The first is to concentrate on the physical signals the criminal is giving you. This signs may include clenching fists or clapping hands and taking a half step forward on an angle. This is the time to “get your hands up,” Moran said.
Putting your hands up to protect your head and turning on an angle and making yourself smaller can help in a fight, he said.
A person’s first inclination is to make a fist and punch, but this can hurt an individual by breaking a wrist or arm, Moran said. Instead, a person can use a fist as a "gorilla hammer" to strike at a person. Individuals who are trying to get away from a criminal with as few bruises as possible can also use their elbows and knees, the hardest bones in the body, Moran said. They can also use their hands, open palm, to shred and gouge an opponent. Biting is also suggested if that works.

Even the Strong Are Weak

To survive a physical alteration, go for the weak points on the body, Moran said. Those are the eyes, ears, nose, face, throat, solar plexus, groin, shins, the top of the foot and fingers. As Moran put it, “fingers are the worse things for these guys. No matter how big these guys get, the pinkies remain tiny and week.”
He added, “If I disrupt his senses, it makes it more difficult to find me.  For instance, if I go for the eyes, he can’t see and can’t fight.”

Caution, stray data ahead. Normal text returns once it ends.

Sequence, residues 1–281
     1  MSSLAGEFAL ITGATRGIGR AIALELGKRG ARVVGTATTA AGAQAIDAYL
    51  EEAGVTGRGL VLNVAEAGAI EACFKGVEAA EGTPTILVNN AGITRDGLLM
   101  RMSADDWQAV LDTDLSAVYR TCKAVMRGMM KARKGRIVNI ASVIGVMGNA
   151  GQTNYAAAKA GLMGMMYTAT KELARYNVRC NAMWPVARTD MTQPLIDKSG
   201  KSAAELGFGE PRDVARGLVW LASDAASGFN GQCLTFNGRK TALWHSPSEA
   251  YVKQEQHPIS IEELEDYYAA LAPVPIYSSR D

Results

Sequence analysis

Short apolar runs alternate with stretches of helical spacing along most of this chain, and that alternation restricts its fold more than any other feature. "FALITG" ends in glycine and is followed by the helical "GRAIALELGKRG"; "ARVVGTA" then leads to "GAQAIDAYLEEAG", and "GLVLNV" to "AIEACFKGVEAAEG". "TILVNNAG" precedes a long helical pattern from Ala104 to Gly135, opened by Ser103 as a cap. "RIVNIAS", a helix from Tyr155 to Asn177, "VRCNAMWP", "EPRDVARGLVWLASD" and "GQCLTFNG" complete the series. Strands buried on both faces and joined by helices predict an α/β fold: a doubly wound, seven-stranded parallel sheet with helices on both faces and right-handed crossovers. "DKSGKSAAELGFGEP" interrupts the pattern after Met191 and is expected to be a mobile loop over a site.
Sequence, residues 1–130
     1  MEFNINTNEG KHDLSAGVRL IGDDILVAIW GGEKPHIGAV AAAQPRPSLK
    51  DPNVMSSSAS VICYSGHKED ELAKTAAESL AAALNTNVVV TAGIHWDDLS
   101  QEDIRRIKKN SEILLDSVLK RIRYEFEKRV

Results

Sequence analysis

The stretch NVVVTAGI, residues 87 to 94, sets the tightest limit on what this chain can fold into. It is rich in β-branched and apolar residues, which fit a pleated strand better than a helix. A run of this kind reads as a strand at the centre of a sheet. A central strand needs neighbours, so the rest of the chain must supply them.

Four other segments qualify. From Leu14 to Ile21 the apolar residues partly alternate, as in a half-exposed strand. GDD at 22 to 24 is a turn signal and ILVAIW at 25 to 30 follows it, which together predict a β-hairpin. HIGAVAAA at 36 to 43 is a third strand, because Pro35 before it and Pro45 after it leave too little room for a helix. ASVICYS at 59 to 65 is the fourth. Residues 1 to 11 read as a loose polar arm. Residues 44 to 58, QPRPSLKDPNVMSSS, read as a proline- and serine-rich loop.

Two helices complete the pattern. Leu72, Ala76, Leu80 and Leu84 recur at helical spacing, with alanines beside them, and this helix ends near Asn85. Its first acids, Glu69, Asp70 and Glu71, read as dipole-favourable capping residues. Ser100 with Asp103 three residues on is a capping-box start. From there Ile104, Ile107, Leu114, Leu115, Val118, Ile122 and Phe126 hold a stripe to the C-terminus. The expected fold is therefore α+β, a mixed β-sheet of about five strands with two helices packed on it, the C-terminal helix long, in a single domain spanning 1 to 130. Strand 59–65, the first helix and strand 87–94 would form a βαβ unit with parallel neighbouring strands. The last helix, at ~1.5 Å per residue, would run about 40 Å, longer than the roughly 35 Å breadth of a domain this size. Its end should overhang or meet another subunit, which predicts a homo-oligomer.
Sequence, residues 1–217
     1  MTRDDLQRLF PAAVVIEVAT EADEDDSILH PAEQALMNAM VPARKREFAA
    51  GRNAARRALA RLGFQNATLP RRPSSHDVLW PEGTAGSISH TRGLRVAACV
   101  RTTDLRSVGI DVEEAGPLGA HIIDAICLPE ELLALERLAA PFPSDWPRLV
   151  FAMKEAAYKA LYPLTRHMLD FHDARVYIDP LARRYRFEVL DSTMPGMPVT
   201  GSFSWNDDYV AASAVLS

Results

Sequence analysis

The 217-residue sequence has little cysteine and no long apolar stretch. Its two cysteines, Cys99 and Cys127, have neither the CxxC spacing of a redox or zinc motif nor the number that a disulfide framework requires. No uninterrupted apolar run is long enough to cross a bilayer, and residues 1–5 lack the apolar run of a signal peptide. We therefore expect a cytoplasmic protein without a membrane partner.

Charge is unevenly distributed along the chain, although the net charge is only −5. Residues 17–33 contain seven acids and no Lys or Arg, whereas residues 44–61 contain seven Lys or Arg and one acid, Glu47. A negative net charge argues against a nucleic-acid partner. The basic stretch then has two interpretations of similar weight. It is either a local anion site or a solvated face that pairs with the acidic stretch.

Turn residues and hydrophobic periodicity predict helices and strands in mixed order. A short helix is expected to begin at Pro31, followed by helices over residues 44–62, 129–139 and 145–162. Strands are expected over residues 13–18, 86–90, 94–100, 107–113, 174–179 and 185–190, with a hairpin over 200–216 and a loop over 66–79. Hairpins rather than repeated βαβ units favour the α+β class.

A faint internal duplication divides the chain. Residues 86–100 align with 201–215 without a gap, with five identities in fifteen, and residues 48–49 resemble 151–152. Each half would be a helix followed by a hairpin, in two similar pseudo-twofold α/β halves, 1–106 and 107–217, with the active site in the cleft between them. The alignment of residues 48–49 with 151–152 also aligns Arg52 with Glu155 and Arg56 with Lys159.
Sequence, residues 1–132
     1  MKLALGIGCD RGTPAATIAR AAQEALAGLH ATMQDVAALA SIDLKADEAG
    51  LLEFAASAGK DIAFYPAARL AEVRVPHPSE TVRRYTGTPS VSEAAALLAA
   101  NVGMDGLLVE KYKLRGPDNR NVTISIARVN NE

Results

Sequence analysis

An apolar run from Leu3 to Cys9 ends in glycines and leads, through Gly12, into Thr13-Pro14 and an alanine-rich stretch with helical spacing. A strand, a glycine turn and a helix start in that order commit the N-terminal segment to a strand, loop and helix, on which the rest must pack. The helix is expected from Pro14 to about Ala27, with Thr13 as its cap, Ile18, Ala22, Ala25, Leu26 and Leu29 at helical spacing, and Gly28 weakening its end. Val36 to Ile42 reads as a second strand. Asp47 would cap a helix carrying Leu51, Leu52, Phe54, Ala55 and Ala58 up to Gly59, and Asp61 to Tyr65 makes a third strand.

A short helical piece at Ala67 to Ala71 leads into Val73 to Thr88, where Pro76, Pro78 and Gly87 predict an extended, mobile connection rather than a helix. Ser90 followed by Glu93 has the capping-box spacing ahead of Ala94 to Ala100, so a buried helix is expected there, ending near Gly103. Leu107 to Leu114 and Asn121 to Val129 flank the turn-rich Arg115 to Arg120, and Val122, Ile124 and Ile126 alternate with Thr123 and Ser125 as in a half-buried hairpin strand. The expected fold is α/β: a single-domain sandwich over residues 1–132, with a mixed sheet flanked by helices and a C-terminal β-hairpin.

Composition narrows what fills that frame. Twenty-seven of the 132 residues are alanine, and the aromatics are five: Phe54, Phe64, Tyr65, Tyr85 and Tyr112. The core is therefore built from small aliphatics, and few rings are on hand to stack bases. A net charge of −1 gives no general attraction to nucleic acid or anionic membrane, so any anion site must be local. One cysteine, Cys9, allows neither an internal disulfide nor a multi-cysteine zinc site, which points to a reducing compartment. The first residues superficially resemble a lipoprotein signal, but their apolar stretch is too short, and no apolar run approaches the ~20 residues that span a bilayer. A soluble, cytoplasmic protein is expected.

He also added, “It takes eight pounds of pressure per square inch to remove the ears from the head. So, don’t wear eight-pound earrings, “ he said laughing.
Bucio played the “criminal” in the demonstration, and was the recipient of Moran’s self-defense moves. An audience member who may have felt sorry for Bucio shouted out, “Armando, there are better jobs out there than this!”
Moran and Bucio demonstrated some moves that had a person defending himself by using the open palm hand to go for the eyes, ears and twisting the person’s head away from him.
 “Think of his head as a twist cap of a mayo jar, a giant jar of evil mayo and that lid needs to be taken off,” Moran said.
If a person is concentrating on other areas of the body, such as the groin, Moran said to “grab, twist and pull.” Raking along the shins, he said, destroys balance. If an individual is grabbed from behind, tucking the chin into an elbow helps a person breathe.
If you have any kind of “environmental weapons,” such as a pen, spoon or phone, use them, he advised. Chairs can be used as blockades to create a distance and allow more time to get away. A bottle of water can be smashed into a person face to discombobulate them and the sound of the crushing plastic is another distraction. Distract the criminal, disrupt his senses and then grab his pinkie finger back.
“The primary focus is to get away,” Moran reiterated.
“Self defense is a way of life, not just physical moves,” Moran concluded.

(l-r) Armando Bucio, GRNW President Al Cacciottolo, Nick Moran

Innovative Survival Arts offers self-defense training for adults, children's programs that include an anti-bullying component, "combat readiness" programs, and sessions that teach sexual assault survival skills.

For more information, visit gorillahammer.org

(Editor's note: More coverage of the GRNW meeting coming. Stay tuned.)

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1 comment:

  1. You did a wonderful job at reporting the demonstration at the meeting, but then again, you've been doing a GREAT service all along